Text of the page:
Colin Farrell: a life in film

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Colin Farrell is a charming, engaging and powerful actor. Shame he is rarely cast in any decent films, argues Adam Lee Davies

Leaping off the small screen like a blarneyed-up love-missile, Irish actor Colin Farrell made his mark in late '90s Sunday evening TV laxative, ‘Ballykissangel’ as lunatic priest, Father Declan O’Blimey.

The programme, naturally, was awful, but by utilising his soon-to-be patented mix of an ‘I’m gunna kill yeez!’ stare and that ‘Christ, I wuz only jokin’ wid yiz!’ smile, Farrell proved he had the kind of chops that would play big in Tinseltown.

Trading dog collar for dog tags, he was enlisted by Hollywood to appear in Joel Schumacher’s approximation of a heterosexual training camp for hardbodied marine drama, Tigerland. It set the tone for his whole career: being very, very good in very bad films.

As early as this, more astute viewers had already noted that the man who would succeed Tom Cruise (in the same way that Cruise had taken the up mantle from '70s silver screen alchemist Burt Reynolds) was the kind of Teflon-coated 'actician' who could go on to turn the base metal of Bruce Willis’s Holocaust procedural ‘Hart’s War’ into the kind of hideously attractive gold with which the young Warren Beatty used to imbue such clunkers as ‘Romance in a Fountain’ and ‘The Glum Girl’. In short, the man was untouchable.

Now, hands up who’s seen Phone Booth? This is, of course, a rhetorical question, because if you had, you would be unable to read these words, having pulled out your eyeballs and severed the ocular cords with your Oyster card.

Yet, somehow, despite sporting chin-whiskers that make him look like a Chechen spiv, Farrell manages to come out of even that fiasco with all the dignity of a Japanese warlord.

Next up for the Dublin dish was the multiplex double whammy of ‘Obvious Baddie #1’ in Steven Spielberg’s dilution of Philip K. Dick head-trip, Minority Report and a sterling performance in Roger Donaldson's thuddingly predictable CIA drama 'The Recruit'. That the parboiled Irish Adonis managed to make it through this pair of unutterably bad bits-of-business unscathed and continue his enchanting dance through the celluloid raindrops was nothing short of a miracle.

Brushing aside the superhero genre (Daredevil) and the balls-out action flick (S.W.A.T.), he came up smelling of roses to face his biggest challenge of all. Man’s man’s man’s man Oliver Stone had long harboured a desire to lens the life story of bisexual despot Alexander the Great, but had yet to find an actor with the swagger, insouciance, physical presence and unmodified Irish accent to fill the sandals of history’s greatest military tactician for his Alexander.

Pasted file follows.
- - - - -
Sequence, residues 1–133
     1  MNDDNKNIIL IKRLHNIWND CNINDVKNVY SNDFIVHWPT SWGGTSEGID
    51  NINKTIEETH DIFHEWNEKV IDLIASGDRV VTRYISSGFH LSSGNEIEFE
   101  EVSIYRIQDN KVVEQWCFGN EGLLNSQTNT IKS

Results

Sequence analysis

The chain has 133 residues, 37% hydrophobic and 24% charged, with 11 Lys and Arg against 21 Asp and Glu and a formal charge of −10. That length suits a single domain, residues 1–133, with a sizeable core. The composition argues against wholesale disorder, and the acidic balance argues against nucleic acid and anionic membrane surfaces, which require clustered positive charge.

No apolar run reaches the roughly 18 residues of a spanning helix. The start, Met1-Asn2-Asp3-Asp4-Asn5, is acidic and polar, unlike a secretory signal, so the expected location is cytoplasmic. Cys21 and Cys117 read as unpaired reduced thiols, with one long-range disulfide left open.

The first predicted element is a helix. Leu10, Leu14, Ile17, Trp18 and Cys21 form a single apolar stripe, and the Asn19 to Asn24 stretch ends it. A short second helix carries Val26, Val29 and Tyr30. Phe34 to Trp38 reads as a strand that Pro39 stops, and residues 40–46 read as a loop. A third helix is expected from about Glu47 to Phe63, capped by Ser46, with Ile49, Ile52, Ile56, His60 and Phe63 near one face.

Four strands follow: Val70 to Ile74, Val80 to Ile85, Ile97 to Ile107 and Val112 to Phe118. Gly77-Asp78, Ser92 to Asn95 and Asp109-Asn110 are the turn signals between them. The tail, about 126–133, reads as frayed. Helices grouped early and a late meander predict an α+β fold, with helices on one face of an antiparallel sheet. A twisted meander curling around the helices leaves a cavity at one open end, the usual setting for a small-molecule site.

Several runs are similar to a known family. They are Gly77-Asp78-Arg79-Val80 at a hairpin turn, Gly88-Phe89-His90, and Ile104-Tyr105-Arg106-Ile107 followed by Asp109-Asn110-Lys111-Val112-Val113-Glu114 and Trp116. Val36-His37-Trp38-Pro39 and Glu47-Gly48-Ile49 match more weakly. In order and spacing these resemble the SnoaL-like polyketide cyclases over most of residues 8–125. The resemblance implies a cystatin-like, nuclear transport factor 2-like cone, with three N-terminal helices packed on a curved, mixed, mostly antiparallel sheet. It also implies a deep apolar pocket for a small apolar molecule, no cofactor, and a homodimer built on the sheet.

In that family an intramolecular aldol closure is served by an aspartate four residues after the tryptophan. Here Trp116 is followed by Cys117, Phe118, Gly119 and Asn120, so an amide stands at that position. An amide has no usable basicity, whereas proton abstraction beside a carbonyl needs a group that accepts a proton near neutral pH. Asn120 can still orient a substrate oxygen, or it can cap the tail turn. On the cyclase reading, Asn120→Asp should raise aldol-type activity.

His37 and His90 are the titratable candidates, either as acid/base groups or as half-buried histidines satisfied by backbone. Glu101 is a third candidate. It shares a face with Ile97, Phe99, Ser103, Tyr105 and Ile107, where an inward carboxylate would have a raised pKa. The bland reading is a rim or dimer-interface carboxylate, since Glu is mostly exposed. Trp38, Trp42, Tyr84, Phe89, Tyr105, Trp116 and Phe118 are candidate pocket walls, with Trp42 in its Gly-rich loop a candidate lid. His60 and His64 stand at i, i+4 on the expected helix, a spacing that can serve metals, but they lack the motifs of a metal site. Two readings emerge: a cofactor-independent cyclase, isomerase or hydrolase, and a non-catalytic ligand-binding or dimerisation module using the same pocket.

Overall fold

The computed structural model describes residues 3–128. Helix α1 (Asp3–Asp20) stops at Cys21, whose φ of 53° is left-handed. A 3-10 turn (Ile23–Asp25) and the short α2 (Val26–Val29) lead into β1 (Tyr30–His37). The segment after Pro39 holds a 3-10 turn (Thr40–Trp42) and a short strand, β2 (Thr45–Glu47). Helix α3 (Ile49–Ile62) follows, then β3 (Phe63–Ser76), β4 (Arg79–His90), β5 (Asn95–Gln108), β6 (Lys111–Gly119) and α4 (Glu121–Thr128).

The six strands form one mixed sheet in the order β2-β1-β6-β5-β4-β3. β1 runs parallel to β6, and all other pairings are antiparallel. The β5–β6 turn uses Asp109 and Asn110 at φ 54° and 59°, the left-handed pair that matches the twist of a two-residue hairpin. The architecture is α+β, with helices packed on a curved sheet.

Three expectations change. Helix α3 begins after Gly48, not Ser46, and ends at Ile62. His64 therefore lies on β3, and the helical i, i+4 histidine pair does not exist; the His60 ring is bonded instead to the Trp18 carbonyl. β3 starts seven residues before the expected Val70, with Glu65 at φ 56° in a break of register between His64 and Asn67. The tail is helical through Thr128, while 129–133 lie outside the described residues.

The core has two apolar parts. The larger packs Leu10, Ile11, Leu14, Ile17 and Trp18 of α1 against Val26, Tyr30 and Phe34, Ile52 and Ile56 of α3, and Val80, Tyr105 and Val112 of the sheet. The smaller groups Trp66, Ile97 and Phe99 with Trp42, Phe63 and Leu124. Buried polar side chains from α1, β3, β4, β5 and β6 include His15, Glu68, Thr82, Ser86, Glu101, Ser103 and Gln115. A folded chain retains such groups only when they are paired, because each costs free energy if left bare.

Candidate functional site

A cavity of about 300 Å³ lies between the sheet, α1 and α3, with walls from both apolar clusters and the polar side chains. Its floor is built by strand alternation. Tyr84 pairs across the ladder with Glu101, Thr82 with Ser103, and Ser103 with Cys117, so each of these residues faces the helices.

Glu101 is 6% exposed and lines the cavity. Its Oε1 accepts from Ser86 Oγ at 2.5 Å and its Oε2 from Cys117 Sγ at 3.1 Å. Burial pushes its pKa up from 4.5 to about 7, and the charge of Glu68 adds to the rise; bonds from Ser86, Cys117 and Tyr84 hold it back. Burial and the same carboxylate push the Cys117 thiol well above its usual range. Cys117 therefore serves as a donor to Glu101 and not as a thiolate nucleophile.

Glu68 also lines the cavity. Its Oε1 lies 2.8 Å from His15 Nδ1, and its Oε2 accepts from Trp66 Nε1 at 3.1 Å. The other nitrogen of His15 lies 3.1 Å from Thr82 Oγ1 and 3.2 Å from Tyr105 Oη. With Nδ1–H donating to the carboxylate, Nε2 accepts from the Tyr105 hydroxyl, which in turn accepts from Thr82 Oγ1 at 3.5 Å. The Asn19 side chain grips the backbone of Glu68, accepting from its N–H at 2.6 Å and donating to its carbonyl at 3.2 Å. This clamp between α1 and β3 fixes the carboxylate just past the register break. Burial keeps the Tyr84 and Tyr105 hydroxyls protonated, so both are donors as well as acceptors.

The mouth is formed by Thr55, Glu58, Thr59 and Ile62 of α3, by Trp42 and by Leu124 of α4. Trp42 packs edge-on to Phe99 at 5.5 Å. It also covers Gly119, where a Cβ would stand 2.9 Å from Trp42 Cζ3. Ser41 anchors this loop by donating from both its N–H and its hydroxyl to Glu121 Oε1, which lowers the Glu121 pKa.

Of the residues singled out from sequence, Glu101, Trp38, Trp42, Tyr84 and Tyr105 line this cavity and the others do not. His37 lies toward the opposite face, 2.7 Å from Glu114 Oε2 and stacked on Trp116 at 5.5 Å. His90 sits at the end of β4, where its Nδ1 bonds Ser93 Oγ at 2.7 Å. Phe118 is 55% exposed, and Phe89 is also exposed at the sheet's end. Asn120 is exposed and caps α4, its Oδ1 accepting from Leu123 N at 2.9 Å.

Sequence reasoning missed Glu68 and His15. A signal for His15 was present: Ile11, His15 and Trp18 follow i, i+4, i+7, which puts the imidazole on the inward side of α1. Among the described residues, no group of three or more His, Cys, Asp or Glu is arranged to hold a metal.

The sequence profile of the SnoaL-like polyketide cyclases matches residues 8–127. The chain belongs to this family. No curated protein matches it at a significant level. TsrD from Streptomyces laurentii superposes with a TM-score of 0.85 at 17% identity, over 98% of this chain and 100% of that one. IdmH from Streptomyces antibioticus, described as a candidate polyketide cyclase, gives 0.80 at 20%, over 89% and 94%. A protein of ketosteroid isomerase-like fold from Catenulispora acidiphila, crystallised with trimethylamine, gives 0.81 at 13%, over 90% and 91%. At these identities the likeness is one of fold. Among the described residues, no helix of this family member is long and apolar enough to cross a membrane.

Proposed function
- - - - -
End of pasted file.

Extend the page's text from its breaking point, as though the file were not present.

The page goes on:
In Farrell he not only found a figure that could convey all the leadership qualities inherent in a general who would inspire his soldiers to unite Greece, defeat the mighty Persian army and conquer every corner of the known world, but one who had the capacity to dust himself off and emerge from the whole wrong-headed enterprise with acting credibility and box-office clout somehow intact.

After killing time with a bit-part in smug, affected hospital sitcom ‘Scrubs’, Farrell made the only blot in his otherwise pristine copybook by lending his considerable talents to an actual, bona-fide cracker of a film in Terence Malick’s 2005 retelling of the Pocahontas story, The New World.

Perhaps it was starring opposite Christopher Plummer and Christian Bale – actors who, while not in Farrell’s class, are no strangers to lending their undoubted skills to inferior movies – that led Farrell to lose his bearings to such a degree that he ended up contributing to what was arguably the year’s best film. Luckily, nobody saw it, and he was free to go on his merry way.

A fine turn as Sonny Crockett in Michael Mann’s otherwise disposable film version of Miami Vice put him squarely back where he belonged. He followed it up with a controlled performance of genuine subtlety in Robert Townes’ Depression-era muckfest Ask the Dust, a film so bad that not even our Col and Salma Hayek going at it like drunken rabbits could redeem it.

Now Farrell’s career stands at a crossroads; In Bruges is actually quite a good little film, but upcoming roles in Terry Gilliam’s Heath Ledger send-off, ‘The Imaginarium of Dr. Parnassus’, and Woody Allen’s ‘Cassandra’s Dream’ make it clear that he hasn’t lost his ability to pick films in which he can continue to shine like a diamond in the rough.


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